Newsletter – July, 2014

Contents

  • From Visby to Bisbee
  • Website improvements, slide shows, and videos
  • My upcoming events
  • Ecuador leading the way toward a “Commons Economy”
  • Kalikalos Summer School/Vacation.
  • Bitcoin—the currency and the technology
  • J. W. Smith and the Institute for Cooperative Capitalism Worldwide
  • More lessons in global economics, finance, and internet access

From Visby to Bisbee

Last year around this time I was in Visby, on the island of Gotland in Sweden where I was privileged to be able to attend the annual Almedalen event, an exciting convergence that brings together a wide variety of business people, politicians, academics, grassroots activists and ordinary folks for several days of presentations, discussions, and festivities.

This year I’m in Bisbee, Arizona, a former mining town turned artist’s mecca and tourist destination where I have the use of a comfortable house while my friends who own it summer in New England. Bisbee is located in Cochise county which is in the southeastern corner of Arizona, close to the Mexican border. I’ve gradually been adjusting to small town living and finding it to my liking. At five thousand feet elevation, the climate is pleasant—not too hot, and the summer monsoons have provided abundant rains over the past couple weeks. The ocotillo plants, which most of the time look like clumps of dead sticks splayed out toward the sky, are now covered with lush green leaves and tipped with red blossom tassels. _____________________________________________________

Website improvements, slide shows, and videos

The slower pace of small town Arizona has given me the opportunity to focus much of my energy and attention on consolidating the considerable body of work that I have built up over the past three decades, work that has taken a variety of forms—articles, books, websites, presentations, and interviews. Thanks to modern technologies, much of this work has been recorded and thus can be made readily available to present and future generations. I’ve spent a lot of time going back over my accumulated material—reworking and updating it, finding ways to make it more accessible, and in some cases, publishing it for the first time. I’m proving (to myself at least) that an old dog can learn new tricks, and I’ve been having a fun doing it.

I’ve been using Power Point for several years but up to this point had not tried to learn more than its basic functions, nor had I made much of an effort to learn how to edit audio and video files. With the acquisition of Power Point 2010, which has some powerful new features, plus some new found motivation on my part, I’m now beginning to master it along with audio editing software like WavePad and Audacity (both are free). Together, these tools are enabling me to create videos of reasonably good quality from many of my Power Point presentations that have been recorded over the years. I am posting these for viewing on my Vimeo channel at https://vimeo.com/tomazg/videos.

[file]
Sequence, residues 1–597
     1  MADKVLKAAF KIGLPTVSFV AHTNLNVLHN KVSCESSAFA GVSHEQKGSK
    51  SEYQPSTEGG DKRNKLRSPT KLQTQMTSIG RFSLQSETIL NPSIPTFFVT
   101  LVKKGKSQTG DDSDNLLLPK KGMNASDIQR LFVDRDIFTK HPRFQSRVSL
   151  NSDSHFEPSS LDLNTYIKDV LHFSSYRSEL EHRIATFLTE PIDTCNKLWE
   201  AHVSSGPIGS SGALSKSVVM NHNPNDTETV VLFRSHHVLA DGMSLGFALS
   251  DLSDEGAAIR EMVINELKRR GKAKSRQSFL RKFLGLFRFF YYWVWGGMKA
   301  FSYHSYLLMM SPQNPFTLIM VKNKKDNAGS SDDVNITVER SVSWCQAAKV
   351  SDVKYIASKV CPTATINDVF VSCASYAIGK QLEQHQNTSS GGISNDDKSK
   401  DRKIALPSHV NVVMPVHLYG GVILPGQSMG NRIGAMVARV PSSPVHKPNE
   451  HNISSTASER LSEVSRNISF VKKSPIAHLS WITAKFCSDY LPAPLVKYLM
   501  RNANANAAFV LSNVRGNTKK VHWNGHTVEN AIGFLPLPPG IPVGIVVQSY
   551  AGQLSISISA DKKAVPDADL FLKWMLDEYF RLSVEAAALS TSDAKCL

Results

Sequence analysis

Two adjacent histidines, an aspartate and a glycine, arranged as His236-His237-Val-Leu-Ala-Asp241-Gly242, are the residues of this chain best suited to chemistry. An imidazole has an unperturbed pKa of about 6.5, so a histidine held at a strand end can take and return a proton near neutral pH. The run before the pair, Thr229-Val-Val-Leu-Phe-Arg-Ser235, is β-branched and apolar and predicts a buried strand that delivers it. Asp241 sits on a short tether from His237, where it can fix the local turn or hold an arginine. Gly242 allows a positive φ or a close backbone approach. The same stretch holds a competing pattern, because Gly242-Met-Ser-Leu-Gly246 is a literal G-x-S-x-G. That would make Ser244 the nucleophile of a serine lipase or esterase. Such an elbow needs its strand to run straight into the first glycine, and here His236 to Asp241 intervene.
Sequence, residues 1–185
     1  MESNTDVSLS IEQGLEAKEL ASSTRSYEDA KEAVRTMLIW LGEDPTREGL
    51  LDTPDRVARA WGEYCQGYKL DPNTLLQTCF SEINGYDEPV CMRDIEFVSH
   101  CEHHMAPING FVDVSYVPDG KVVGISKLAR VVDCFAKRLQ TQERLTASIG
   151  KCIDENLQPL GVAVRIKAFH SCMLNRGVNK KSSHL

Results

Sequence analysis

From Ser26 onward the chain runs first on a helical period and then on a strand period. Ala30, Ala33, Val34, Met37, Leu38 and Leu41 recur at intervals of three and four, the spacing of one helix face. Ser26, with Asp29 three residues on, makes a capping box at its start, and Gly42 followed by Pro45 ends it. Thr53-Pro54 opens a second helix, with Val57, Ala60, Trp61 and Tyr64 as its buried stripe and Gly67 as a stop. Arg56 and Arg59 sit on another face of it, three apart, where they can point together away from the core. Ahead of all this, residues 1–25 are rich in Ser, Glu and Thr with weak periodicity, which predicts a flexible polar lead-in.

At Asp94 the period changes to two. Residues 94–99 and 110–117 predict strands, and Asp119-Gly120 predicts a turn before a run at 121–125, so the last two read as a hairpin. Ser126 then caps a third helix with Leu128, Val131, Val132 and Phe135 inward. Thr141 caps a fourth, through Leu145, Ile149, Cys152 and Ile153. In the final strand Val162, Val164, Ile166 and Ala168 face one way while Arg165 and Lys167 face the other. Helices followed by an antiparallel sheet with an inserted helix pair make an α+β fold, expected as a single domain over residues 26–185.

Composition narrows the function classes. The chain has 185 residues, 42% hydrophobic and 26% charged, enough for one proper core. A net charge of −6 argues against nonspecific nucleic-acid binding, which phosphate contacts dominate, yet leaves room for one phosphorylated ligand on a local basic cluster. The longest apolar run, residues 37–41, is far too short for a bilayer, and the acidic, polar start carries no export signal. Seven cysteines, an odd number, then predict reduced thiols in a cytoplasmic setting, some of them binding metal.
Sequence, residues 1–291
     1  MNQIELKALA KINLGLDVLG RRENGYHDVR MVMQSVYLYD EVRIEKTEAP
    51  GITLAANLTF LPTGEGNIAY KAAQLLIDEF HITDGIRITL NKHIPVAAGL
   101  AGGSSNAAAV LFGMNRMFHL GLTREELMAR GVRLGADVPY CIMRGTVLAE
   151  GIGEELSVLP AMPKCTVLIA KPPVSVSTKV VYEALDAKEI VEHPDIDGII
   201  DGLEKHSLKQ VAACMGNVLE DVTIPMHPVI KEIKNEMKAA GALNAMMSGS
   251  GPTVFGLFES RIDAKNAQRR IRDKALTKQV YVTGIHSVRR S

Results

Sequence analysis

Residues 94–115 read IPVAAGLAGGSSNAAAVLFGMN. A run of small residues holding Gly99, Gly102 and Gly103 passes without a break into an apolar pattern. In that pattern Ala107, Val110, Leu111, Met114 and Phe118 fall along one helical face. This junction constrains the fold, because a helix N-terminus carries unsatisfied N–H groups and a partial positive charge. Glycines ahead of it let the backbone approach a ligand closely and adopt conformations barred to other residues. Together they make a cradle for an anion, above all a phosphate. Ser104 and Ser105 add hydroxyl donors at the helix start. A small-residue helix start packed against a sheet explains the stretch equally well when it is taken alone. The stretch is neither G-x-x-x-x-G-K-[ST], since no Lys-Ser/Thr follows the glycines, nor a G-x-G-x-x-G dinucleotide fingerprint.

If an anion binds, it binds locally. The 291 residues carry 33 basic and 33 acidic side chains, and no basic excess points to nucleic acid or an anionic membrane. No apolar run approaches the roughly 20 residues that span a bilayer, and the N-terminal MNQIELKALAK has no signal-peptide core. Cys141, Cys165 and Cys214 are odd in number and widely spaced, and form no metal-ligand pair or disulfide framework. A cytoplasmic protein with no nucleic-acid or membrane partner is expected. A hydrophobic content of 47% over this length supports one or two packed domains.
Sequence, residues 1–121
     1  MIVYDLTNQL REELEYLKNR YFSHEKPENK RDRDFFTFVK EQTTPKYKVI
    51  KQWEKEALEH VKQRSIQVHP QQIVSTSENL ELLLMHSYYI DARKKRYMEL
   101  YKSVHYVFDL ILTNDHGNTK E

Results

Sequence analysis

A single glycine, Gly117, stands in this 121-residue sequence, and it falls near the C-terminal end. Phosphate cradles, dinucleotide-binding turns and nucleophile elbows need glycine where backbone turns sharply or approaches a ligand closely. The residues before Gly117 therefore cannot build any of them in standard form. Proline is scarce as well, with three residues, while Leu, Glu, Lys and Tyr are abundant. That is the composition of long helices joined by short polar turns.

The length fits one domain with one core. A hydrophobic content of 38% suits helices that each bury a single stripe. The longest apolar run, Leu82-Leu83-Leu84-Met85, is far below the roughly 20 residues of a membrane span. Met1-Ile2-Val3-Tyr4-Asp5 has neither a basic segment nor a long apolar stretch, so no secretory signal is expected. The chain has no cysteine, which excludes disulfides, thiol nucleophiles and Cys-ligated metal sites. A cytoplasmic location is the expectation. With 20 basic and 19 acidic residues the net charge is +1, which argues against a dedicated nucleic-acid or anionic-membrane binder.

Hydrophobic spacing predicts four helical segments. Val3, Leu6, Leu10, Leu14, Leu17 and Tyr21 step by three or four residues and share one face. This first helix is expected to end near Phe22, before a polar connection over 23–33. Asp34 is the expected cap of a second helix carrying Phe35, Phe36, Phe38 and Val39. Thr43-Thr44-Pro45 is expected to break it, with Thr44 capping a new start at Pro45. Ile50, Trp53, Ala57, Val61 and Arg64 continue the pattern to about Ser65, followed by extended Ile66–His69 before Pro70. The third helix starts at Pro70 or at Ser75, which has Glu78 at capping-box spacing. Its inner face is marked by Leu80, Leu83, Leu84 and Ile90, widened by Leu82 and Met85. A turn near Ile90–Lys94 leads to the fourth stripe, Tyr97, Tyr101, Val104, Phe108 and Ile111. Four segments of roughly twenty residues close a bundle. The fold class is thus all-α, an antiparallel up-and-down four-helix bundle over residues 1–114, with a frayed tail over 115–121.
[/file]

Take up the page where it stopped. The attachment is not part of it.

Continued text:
One of my best presentations, A New Paradigm in Exchange and Finance: The pathway to peace, justice, freedom, and a dignified life for TG-PBIbySL-0496CRsall, was delivered at the Public Banking Institute conference in Philadelphia in 2012. I’ve made a video of that slide show presentation, which you can view at https://vimeo.com/100765695.

I’ve also done some work on my YouTube channel. I’ve sought out and collected materials in which I am featured. You can find these in my YouTube playlist labeled, My presentations and Interviews.

These links are also provided in a new menu button labeled, My Videos and Sites, that I’ve added at the top of the home page on my website http://beyondmoney.net/. That button also brings up links to my other sites.

As you explore my sites, please let me know if you find any broken links, errors, or other problems. You can reach me at thgreco@mindspring.com.

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My upcoming events

I’ve been invited by the Sunbelt World Trade Association to give a presentation in Tucson on Monday, August 18. This presentation will describe how local businesses can create local liquidity on the basis of their own production and collaborative credit, thereby reducing their dependence on bank borrowing and protecting the local economy from the ill effects of national and global monetary policies (Details at http://beyondmoney.files.wordpress.com/2014/07/2014-tucson-flyer-063014.pdf). If there is sufficient interest, I may follow that up with a workshop covering the issues that need to be addressed in preparing to launch a complementary community currency for southeastern Arizona.

In October, I’ll be going to the San Francisco Bay area. I will present at Living the New Economy conference in Oakland, October 23-26 (http://www.bayareaneweconomy.org/), being organized by the people at Bay Bucks, a complementary currency and trade exchange for the SF Bay Area. Their banner reads: “We help local businesses cut costs, increase revenue and in the process, build local resilience.”

On October 30 I will present, The Evolution of Money and its Potential to Improve Humanity at the Institute of Noetic Sciences (IONS). Details can be found here.

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Ecuador leading the way toward a “Commons Economy”

In 2013, the government of Ecuador embarked upon a program to rethink the fundamentals of its economy and plan its transition to a free and open knowledge society. Friend and colleague, Michel Bauwens, founder of the P2P Foundation was engaged to lead a ten month process of research and discussion.